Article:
The End of the Beginning

By Marina

Chapter 8

July 10, 1981

The black dog sprawled by the side of the gate in front of the Rosier house, its dusty coat blending into the shadow of the elm tree that leaned over the garden fence. From a distance it appeared to be asleep, shaggy head resting peacefully on neatly folded paws, but its ears twitched alertly, and from time to time one pale eye would open to survey the road and the sky above it. When a small black speck appeared against the clouds, the dog lifted its head. When the speck resolved itself into the silhouette of a robed wizard straddling a broom, the dog rose up into a crouch and coiled itself to spring. When the wizard's feet touched the cobblestone path in front of the gate, the dog let loose a raucous volley of barking and sprang.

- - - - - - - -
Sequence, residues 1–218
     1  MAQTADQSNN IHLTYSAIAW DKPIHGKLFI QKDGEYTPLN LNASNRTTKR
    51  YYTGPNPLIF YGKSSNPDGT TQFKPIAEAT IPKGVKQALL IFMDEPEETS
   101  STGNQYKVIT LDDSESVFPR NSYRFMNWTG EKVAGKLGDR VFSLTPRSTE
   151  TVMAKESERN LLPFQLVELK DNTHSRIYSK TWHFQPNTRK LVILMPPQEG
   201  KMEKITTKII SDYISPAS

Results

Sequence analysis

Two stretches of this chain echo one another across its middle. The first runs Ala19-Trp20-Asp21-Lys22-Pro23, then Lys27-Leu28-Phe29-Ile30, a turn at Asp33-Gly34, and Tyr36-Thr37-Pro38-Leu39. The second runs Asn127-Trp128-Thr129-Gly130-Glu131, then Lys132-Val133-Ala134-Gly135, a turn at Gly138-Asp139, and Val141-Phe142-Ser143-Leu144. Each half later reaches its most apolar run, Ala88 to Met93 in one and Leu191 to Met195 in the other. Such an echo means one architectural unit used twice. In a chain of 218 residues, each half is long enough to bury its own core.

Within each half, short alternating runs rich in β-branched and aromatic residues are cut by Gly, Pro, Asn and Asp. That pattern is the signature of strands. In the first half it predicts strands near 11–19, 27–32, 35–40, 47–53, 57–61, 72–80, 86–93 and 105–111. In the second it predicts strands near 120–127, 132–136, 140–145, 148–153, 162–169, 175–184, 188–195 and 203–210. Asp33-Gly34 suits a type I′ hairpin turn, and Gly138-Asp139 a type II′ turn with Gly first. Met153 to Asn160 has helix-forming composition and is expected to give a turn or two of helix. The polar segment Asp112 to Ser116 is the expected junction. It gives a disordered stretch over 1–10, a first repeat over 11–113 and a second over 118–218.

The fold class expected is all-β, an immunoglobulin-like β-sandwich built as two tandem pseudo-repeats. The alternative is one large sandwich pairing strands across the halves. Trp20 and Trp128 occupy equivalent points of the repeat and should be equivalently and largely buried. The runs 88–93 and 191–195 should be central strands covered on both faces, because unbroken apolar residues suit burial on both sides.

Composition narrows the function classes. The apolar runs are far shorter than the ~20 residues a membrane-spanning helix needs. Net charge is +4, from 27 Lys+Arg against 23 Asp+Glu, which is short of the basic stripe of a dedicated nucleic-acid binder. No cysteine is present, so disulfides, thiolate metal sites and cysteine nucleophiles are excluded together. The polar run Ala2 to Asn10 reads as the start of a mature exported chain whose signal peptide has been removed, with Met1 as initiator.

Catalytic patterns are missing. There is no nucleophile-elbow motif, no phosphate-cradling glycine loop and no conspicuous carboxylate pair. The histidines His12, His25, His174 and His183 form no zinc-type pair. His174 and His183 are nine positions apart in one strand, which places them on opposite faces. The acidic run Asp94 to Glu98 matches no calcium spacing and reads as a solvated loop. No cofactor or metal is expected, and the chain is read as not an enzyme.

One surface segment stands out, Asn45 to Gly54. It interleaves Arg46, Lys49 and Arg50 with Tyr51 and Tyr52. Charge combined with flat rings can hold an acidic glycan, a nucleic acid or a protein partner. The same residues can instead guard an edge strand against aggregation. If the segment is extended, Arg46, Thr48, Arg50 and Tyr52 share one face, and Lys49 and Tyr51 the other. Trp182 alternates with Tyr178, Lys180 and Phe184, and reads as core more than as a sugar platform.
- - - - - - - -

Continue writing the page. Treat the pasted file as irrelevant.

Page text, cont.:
Evan Rosier was clearly unprepared to find himself bowled over and pinned to the ground by a slavering black beast. He shrieked. He flailed his arms. He tried to go for his wand, but froze when massive, drool-flecked jaws closed around his wrist. The dog growled, a low, rumbling sound that seemed to shake the ground beneath it, and drooled liberally down Rosier's sleeve. Then it planted its hind feet on Rosier's stomach and leaped, sailing over the road in a wide arc to disappear into a thicket of mulberry bushes on the other side.

Rosier lay in the dirt for a minute or so before climbing to his feet. His hair was sticking out wildly in all directions, and his robes were torn and mud-stained. He brushed himself off with shaking hands, picked up his fallen broom, and limped into the house. The dog crouched behind a boulder to watch him go. After a couple of minutes it crept out from its hiding place, crossed the road again, and ran off into the trees behind the house.